jump to navigation

What we believe but cannot prove 2011 Aug 31

Posted by Karl in : philosophy , 2 comments

I recently read a book that is a collection of answers to the Edge question of 2005:

What do you believe is true even though you cannot prove it?

I find the question interesting because it excites conflicting messages. On one hand, I don’t think it makes sense to believe things that can’t be demonstrated. And yet, I experience a life of ambiguity. I find the unknowns most fascinating and I’m not likely to get answers to some of my deepest questions.

The book provides a window into how some people deal with things they don’t know. A number of scientists and other thinkers have tossed their opinions into the pot. Their answers range widely, from the trivial to the fantastic.

One answer that I found particularly interesting was from Susan Blackmore. She responded that “It is possible to live happily and morally without believing in free will”. According to her understanding, she has no reason to believe in free will. So, she has systematically changed the way that she thinks and she now has no personal experience of free will. It’s a fascinating thought experiment and her conclusions are interesting.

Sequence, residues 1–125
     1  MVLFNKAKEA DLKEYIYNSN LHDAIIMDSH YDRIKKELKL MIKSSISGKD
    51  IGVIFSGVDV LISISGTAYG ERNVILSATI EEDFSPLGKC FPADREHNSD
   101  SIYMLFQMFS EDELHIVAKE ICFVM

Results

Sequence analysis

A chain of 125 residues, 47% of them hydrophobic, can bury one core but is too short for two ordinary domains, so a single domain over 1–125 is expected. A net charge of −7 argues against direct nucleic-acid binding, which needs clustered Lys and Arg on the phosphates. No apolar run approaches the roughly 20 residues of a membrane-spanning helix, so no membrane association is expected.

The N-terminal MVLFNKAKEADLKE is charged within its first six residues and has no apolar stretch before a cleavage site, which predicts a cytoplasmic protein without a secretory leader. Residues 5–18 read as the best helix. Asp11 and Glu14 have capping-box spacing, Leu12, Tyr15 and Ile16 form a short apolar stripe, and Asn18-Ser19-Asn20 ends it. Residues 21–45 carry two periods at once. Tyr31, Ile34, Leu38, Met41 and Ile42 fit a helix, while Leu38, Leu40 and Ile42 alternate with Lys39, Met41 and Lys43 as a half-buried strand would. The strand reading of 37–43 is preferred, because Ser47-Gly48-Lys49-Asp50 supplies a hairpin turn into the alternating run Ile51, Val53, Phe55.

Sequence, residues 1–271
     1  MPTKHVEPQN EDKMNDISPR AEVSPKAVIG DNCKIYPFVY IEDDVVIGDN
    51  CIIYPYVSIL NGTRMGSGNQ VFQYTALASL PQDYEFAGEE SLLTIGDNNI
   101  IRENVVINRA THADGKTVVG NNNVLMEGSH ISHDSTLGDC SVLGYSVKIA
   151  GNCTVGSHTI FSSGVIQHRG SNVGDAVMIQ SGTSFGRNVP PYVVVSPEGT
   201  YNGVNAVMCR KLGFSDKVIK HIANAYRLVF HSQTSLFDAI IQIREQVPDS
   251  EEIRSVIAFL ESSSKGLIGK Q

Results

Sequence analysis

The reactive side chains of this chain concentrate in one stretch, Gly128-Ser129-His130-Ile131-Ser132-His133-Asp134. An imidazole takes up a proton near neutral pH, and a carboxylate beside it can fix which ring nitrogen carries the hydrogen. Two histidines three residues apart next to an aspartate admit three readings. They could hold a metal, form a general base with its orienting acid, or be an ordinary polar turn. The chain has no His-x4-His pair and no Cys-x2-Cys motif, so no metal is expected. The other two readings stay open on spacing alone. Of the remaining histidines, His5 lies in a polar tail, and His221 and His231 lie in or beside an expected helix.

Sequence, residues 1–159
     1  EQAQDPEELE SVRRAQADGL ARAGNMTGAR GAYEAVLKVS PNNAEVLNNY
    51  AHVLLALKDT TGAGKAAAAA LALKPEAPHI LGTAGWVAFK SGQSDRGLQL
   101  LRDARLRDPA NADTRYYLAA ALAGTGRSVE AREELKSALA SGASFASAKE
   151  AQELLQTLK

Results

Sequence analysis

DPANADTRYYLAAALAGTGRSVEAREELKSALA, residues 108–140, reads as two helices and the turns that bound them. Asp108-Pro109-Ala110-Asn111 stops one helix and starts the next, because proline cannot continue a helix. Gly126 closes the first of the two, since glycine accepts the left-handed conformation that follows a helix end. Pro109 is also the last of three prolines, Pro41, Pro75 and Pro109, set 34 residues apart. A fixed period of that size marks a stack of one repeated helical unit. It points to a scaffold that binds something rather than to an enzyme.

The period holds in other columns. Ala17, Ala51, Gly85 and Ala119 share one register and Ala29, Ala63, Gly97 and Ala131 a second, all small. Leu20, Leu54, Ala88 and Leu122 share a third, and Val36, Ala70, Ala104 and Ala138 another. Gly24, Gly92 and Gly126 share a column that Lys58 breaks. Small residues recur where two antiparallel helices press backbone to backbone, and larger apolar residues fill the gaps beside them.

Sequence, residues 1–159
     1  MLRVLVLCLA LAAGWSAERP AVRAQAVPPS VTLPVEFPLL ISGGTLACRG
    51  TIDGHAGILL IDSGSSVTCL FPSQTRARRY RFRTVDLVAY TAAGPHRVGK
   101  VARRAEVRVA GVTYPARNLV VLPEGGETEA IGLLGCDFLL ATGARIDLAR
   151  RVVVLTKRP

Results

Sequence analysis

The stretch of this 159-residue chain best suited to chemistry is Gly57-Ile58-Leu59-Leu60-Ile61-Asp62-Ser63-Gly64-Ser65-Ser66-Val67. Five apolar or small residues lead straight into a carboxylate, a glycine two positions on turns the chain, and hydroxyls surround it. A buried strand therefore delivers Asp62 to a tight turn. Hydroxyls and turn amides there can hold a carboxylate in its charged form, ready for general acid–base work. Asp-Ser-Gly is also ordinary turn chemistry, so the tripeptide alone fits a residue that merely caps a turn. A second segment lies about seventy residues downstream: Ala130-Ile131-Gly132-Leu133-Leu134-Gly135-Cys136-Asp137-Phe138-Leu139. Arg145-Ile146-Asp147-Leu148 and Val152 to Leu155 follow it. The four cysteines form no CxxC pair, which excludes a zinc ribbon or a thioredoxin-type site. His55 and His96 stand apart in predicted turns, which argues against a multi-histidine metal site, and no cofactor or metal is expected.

What do I believe but cannot prove? I believe that life is meaningful and that our actions survive beyond our lives. This isn’t a sure thing. I feel fortunate to have lived the life that I’ve lived and I feel excited (and a little overwhelmed) about the possibilities. I have family and friends that love me and I have opportunities for interesting work. I don’t think that life guarantees us a meaningful life, but I am hopeful.

If you’re a curious person that likes tossing around ideas, it’s well worth reading the book. You can read it online or buy it. I’ve seen it at most large book stores.

What do you believe but cannot prove?